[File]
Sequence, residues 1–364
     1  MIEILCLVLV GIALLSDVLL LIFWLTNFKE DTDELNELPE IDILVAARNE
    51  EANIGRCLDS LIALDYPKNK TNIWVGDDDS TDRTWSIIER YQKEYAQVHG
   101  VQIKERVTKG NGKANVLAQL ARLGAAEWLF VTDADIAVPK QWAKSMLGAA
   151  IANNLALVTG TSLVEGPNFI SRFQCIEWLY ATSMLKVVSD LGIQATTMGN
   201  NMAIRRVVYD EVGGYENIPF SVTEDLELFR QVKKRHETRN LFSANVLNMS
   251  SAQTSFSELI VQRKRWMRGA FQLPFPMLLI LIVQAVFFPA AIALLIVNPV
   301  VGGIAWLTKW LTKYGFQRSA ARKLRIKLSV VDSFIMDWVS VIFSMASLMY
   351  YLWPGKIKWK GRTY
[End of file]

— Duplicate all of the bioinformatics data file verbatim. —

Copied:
Sequence, residues 1–364
     1  MIEILCLVLV GIALLSDVLL LIFWLTNFKE DTDELNELPE IDILVAARNE
    51  EANIGRCLDS LIALDYPKNK TNIWVGDDDS TDRTWSIIER YQKEYAQVHG
   101  VQIKERVTKG NGKANVLAQL ARLGAAEWLF VTDADIAVPK QWAKSMLGAA
   151  IANNLALVTG TSLVEGPNFI SRFQCIEWLY ATSMLKVVSD LGIQATTMGN
   201  NMAIRRVVYD EVGGYENIPF SVTEDLELFR QVKKRHETRN LFSANVLNMS
   251  SAQTSFSELI VQRKRWMRGA FQLPFPMLLI LIVQAVFFPA AIALLIVNPV
   301  VGGIAWLTKW LTKYGFQRSA ARKLRIKLSV VDSFIMDWVS VIFSMASLMY
   351  YLWPGKIKWK GRTY